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Financial Instruments

Volume 689: debated on Tuesday 20 February 2007

My honourable friend the Economic Secretary to the Treasury (Mr Ed Balls) has made the following Written Ministerial Statement.

The Government are today announcing three steps to modernise the tax system to remove obstacles to competition and expand choice in trading financial instruments in the UK. They will allow firms to benefit from the new opportunities offered by liberalisation of financial regulation in the European Union, and specifically from the introduction of the Markets in Financial Instruments Directive (MiFID).

First, from November 2007, the Government will no longer require transactions in shares admitted to trading on a regulated market under MiFID to be reported to that market, or those intermediaries to be members of that market, in order for intermediaries to benefit from stamp duty relief. Currently, relief from stamp duty is available for intermediaries that trade securities listed on the main market of the London Stock Exchange (LSE) only if they are members of the LSE and they report their trades to the LSE. This will allow new providers of transaction reporting services to enter the market more easily. The Government are today publishing draft clauses for consultation in advance of this year's Finance Bill.

Secondly, the Government are announcing that, in addition to shares admitted to trading on a regulated market, they also intend to extend this approach to include shares admitted to trading on a multilateral trading facility (MTF). Currently, in order to benefit from stamp duty relief, intermediaries trading in such securities are required to report transactions to the market on which the securities are admitted to trade. The Government intend to remove this requirement, in order further to extend choice in transaction reporting. However, before proceeding with this proposal, the Government are providing time for the Financial Services Authority to consider fully any possible regulatory implications from this change and will provide an update on progress at the Pre-Budget report.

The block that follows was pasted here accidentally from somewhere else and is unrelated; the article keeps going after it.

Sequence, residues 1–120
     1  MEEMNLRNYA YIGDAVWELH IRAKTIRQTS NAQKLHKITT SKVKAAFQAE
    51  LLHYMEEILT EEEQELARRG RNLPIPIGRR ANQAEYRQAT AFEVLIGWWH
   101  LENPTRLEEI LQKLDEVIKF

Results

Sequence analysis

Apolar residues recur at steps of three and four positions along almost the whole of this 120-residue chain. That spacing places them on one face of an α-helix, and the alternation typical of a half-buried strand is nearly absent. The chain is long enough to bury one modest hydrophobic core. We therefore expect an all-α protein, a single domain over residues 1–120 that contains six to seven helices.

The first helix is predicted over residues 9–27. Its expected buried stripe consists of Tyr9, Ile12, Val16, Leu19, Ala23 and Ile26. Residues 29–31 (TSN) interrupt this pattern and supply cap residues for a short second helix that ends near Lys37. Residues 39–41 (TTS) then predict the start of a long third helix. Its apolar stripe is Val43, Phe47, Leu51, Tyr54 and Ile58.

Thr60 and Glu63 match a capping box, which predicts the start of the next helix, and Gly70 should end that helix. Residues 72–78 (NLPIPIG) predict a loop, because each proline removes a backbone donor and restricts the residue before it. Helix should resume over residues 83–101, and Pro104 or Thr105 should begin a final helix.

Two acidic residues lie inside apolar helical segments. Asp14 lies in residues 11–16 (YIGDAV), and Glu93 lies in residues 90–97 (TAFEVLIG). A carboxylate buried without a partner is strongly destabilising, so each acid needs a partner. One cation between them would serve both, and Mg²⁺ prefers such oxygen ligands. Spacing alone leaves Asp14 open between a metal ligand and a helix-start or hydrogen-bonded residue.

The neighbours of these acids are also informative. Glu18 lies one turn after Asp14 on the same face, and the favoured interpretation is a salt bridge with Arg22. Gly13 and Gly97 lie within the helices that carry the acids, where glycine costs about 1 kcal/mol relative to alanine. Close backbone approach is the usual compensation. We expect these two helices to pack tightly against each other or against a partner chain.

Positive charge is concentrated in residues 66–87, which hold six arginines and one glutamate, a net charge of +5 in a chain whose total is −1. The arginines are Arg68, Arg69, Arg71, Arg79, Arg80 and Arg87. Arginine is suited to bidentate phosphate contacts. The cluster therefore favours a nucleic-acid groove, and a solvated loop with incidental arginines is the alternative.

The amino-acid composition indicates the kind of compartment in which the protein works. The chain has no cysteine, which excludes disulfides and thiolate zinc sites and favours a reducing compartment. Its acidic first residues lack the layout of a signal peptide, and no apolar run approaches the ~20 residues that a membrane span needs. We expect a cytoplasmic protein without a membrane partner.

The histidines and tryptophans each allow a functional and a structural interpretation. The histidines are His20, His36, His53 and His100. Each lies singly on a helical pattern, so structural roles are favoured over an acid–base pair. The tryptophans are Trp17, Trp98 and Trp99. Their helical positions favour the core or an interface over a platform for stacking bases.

Thirdly, the Government also propose to modernise the definition of a recognised stock exchange for tax purposes to allow shares traded on other regulated markets under MiFID to benefit from the same tax arrangements that currently apply only to the LSE in the UK. For example, this will allow shares listed by the UK Listing Authority and traded on a regulated market under MiFID to be held in an individual savings account or to meet the listing requirement to be a UK real estate investment trust. The Government will publish draft clauses in advance of this year's Finance Bill.

Taken together, these changes will help expand choice and increase competition in the provision of services to trade financial instruments in the UK.

The Government have been a leading proponent of the need to improve competition and efficiency in Europe's securities markets for three reasons:

first, to ensure that capital markets play their full role in financing the long-term investment needs of the wider economy as efficiently as possible;

secondly, to liberalise the provision of services to trade financial instruments within the EU so that successful firms and financial centres such as London can benefit from these opportunities within the European single market;

thirdly, to ensure that the UK's markets and related services remain competitive internationally.

The Government have supported the introduction of greater competition through MiFID. The UK is the only major financial centre in the European Union to transpose the MiFID by the deadline of 31 January. This gives UK-based financial firms the maximum time to prepare for the impact of the new trading environment.

Today's announcement removes other unnecessary non-regulatory obstacles to greater competition in trading financial instruments by modernising the tax system to bring it closer into line with the liberalised regulatory environment.

These announcements today coincide with an informal meeting of the high level group on City competitiveness, during which senior figures from the UK-based financial services sector met European Commissioners Charlie McCreevy and Neelie Kroes to discuss the future direction of financial services policy in Europe, including developments in trading securities.